Pay a contribution towards the extras, or consider upgrading your funeral plan - this may be more cost-effective.
Let your family know that there may be more to pay at the time of the funeral if the contribution amount falls short.
More money was paid into the funeral plan than the funeral eventually cost
You have three options when it comes to paying for your funeral plan. Which are,
A single lump sum.
Monthly instalments (up to 25 years)
Pay lower fixed monthly payments (FMP) up to a specified age, e.g. age 90, or for life.
If you choose the lower fixed monthly payments route, depending on when you take out your plan and when your funeral is needed, you might end up paying more into the plan than the value of the funeral when it’s needed.
On the other hand, you could end up paying a lot less. Nonetheless the funeral plan providers will pay out the full benefit of an FMP plan after just 12 - 24 months payments.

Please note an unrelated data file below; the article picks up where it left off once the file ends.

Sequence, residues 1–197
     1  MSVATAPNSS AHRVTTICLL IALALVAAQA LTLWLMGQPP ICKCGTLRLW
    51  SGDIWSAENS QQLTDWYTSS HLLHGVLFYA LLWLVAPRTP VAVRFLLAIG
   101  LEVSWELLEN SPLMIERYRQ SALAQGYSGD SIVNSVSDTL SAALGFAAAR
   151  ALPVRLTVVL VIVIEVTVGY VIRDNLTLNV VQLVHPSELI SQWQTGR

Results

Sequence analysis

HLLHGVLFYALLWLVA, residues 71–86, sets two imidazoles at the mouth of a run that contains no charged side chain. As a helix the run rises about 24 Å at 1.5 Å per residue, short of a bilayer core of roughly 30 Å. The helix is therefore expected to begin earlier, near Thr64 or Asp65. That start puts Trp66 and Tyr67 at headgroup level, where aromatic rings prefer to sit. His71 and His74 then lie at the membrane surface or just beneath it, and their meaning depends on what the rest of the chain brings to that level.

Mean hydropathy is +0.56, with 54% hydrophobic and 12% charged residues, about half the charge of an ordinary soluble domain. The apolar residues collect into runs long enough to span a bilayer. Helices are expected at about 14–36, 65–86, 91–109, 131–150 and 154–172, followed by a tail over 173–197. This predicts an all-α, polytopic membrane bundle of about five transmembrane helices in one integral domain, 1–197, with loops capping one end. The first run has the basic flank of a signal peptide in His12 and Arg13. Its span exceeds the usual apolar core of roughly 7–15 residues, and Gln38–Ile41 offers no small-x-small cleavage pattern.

A 50 year-old paying £26.74 a month for a Traditional funeral plan, which includes the funeral director's fees, one limousine and the third-party cremation fees, could have the entire funeral paid for (at an average cost £4,184 in 2021) for just £320.88.
What’s the solution to not paying more into a fixed monthly payment funeral plan than the funeral is worth?
Make sure to look for a funeral plan that includes a rebate on the FMP overpayment.
The FMP overpayment amount is the difference between the total amount you have paid into the plan and the sum paid out to the plan provider to fund your funeral.
Typically, if the plan is deemed to be in a state of overpayment, your estate will be eligible for a rebate of the overpayment. Although the amount will depend on the type of plan, the age of the plan holder at the time the policy is taken out, and the date of death.
Loved ones were upset to discover that more money was paid into the plan than the cost of the funeral at the time it was needed.
If you intend to pay for your funeral plan using the lower fixed monthly payment option, consider choosing a plan provider that includes an overpayment rebate promise.
For more information on your payment options, click here.
What’s included in the funeral director’s service?